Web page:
Alvin is a featured photographer in a local exhibit called Know Justice, Know Peace — a community-created exhibit about police-involved shootings.
What advice would you give to your younger self? “To do everything I can do that day. I wasted a good fifteen to twenty years of my life thinking that there was tomorrow. I would do everything I needed to do that day… everything that day. Educationally, financially, spiritually, physically… do it that day. Stop putting off assuming that you have another opportunity to be great. Sometimes you only have that time, you only have that second.”
What do you think is your biggest challenge right now? “My pockets haven’t quite caught up with my ambition. A lot of people think that activism work just happens. Well, fuel… there’s a price tag attached to that. Food… you know, you have to pay to eat. You have to pay for lodging and things like that. If you’re an individual that has a good job, well, financially you can handle it, but how do you take off from work at a good job to go cover or document a protest in another city or state? So, there’s that balance that a lot of people don’t take into account with the work. It’s morphed into working with the Panthers. It’s morphed into being on Jay Z’s 4:44 Tour. It’s morphed into this exhibit. I have an exhibit at Davidson College entitled Three Steps Back. It’s happening. Everything that I’m wanting, that I’m speaking to, is happening, but I have to show up.”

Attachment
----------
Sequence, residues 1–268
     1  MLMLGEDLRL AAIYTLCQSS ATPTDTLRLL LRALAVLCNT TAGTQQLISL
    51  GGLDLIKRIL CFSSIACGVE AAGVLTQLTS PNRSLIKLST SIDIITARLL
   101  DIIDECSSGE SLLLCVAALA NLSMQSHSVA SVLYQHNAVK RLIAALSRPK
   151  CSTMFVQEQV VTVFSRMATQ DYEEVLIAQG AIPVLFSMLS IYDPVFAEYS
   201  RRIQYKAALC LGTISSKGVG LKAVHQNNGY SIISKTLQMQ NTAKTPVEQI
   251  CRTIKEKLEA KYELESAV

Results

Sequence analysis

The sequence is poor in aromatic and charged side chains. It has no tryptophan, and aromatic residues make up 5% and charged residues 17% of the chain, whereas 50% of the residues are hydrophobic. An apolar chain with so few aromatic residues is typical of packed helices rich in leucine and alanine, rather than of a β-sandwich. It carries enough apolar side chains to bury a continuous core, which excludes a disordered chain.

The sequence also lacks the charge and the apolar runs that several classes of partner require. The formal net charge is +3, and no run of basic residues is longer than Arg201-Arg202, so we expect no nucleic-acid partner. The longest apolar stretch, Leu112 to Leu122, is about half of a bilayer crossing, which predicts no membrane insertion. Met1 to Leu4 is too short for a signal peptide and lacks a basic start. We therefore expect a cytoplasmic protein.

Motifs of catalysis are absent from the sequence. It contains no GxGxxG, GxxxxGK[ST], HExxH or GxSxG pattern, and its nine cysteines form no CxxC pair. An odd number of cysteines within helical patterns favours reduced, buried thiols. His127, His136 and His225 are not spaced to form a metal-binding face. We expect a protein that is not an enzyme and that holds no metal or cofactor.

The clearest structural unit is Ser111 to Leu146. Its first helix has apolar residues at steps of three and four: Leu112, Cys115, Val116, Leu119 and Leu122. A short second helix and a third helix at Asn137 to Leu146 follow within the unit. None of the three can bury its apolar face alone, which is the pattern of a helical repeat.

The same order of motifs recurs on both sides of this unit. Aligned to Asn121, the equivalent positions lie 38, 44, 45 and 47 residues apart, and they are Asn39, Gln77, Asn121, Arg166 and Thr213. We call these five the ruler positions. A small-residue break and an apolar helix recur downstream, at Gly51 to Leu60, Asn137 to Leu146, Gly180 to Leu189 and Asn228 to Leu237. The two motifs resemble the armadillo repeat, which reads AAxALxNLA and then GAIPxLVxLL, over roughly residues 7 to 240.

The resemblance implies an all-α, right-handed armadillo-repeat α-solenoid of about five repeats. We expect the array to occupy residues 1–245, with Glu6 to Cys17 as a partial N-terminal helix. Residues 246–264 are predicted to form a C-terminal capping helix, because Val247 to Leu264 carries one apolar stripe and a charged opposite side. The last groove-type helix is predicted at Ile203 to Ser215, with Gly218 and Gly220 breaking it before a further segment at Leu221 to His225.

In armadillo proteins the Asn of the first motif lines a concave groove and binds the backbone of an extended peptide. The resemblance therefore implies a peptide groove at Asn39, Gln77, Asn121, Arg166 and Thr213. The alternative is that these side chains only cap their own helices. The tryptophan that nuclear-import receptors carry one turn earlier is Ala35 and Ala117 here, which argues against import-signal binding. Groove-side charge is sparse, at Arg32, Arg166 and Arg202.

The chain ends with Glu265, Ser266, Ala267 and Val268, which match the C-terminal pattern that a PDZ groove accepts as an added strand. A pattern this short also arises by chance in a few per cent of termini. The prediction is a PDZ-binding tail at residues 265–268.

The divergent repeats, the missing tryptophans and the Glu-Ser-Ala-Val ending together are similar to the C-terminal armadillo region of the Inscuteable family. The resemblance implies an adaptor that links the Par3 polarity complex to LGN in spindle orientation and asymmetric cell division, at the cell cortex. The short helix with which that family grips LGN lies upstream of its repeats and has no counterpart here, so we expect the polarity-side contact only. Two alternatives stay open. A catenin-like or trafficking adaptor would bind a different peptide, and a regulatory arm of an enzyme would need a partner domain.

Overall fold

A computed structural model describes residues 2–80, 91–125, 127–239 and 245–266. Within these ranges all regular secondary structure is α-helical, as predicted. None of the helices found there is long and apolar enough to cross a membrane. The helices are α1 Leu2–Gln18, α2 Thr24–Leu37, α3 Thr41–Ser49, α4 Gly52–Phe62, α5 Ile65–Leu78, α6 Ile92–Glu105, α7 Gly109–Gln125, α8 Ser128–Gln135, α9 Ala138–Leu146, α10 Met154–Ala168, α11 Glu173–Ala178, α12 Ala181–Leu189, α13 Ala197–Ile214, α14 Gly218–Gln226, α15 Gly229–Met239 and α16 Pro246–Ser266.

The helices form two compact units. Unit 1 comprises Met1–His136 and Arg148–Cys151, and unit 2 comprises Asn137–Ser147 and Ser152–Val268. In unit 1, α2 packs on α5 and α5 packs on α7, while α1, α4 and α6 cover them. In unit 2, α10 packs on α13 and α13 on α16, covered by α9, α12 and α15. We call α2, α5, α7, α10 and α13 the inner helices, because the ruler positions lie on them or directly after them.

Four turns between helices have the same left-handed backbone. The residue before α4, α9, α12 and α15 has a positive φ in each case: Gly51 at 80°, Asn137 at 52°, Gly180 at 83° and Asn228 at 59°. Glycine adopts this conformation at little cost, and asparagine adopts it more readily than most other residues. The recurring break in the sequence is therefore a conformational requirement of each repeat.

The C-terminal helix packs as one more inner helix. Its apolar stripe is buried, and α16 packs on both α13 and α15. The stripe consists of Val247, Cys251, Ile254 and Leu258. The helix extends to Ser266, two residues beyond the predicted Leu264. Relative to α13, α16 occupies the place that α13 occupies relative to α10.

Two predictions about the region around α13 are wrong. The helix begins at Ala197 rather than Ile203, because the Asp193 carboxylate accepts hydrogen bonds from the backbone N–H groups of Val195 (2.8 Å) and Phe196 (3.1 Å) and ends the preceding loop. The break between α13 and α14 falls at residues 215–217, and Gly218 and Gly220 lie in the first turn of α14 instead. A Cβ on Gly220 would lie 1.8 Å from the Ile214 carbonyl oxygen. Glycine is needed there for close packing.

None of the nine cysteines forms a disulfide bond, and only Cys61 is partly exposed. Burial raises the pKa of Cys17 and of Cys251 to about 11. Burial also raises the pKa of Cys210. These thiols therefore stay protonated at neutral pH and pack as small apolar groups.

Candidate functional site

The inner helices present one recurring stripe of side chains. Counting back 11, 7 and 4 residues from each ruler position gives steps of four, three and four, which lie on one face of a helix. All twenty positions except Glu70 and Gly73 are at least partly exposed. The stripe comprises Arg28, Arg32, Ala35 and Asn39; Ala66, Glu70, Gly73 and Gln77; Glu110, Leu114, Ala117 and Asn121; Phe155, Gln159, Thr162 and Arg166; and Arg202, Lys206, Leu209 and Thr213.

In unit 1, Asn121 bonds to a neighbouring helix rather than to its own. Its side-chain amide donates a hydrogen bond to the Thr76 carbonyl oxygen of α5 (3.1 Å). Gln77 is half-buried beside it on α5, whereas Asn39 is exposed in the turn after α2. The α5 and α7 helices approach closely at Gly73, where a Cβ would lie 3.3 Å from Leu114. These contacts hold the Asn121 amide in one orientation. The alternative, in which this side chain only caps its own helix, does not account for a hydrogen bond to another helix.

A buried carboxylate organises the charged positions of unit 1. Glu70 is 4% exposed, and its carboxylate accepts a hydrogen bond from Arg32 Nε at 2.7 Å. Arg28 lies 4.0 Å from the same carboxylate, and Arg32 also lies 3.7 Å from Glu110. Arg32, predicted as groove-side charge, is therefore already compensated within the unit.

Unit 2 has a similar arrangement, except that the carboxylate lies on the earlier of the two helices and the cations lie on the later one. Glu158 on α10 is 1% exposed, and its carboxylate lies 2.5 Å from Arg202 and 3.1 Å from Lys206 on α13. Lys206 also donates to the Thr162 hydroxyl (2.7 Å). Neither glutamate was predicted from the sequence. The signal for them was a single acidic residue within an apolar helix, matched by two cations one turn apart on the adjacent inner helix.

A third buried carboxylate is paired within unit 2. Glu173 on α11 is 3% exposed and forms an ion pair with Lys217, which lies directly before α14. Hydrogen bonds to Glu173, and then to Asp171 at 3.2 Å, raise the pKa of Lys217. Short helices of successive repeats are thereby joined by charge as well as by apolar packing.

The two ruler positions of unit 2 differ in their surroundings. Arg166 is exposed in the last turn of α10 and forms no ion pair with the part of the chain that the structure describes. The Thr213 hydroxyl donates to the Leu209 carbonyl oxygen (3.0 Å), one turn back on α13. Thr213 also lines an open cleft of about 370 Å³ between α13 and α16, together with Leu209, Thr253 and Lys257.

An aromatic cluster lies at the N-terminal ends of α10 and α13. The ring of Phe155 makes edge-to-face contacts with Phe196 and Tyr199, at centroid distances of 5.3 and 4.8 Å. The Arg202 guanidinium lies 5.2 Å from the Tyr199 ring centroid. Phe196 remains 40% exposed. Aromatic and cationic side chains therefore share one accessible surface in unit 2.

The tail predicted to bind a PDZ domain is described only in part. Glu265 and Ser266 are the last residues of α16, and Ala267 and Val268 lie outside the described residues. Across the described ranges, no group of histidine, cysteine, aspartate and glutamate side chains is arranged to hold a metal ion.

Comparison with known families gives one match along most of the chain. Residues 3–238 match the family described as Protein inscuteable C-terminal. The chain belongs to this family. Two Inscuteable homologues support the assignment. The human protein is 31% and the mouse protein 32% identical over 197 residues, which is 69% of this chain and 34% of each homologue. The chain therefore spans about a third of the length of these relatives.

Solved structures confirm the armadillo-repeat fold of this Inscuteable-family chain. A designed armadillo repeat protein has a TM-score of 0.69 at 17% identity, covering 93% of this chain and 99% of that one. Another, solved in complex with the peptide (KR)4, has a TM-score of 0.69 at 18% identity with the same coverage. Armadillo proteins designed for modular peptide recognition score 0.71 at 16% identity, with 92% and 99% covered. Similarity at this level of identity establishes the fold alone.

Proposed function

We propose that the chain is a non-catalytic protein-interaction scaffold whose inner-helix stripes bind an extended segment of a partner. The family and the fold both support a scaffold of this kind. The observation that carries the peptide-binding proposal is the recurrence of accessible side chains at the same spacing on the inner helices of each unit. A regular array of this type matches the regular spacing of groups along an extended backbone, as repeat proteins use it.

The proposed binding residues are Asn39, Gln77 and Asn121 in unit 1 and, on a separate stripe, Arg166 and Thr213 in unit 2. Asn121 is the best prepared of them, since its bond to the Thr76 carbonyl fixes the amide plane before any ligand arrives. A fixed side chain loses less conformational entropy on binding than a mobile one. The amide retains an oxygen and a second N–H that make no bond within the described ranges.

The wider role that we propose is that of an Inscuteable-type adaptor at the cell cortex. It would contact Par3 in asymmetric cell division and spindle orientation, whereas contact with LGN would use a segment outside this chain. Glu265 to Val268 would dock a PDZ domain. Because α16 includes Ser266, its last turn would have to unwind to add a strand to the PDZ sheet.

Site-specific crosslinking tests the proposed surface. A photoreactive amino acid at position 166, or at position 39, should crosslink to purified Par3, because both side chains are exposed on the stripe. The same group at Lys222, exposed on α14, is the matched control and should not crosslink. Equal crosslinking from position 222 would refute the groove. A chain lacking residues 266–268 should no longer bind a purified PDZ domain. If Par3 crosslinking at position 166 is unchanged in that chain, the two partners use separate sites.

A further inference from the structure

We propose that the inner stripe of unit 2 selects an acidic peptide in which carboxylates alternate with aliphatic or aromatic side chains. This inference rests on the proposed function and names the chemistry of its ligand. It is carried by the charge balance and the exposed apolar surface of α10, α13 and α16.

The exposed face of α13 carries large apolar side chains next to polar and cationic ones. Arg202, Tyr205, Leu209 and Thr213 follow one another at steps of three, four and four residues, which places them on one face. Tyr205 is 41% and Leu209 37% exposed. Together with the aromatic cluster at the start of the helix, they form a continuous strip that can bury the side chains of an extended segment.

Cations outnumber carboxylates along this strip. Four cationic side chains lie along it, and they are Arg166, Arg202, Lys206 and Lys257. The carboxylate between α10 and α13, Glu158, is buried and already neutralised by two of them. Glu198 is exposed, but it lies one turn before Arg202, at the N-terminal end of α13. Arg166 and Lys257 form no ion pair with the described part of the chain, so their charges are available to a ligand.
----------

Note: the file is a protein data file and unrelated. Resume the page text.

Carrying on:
Do you have a life philosophy that you follow? “I’m really here to get everything that they said that I couldn’t have. Everything that I wasn’t qualified for. Everything that I wasn’t educated enough for, I wasn’t in a proper position for, didn’t have the right pedigree… economically, religiously, I want. I want to speak everything that I need and want into existence, and I want to manifest it. My life’s philosophy is: go get it. Go get it. There’s no such thing as enough time. We talk about, oh I wish I had more money, I wish I had more time, but you’ve had more money, you had more time, you had more food, you had more clothes… just do it.”
Technical Notes: This is my first stranger portrait using a strobe. I used a 21” softbox attached to an XPLOR 600 strobe held in my left hand.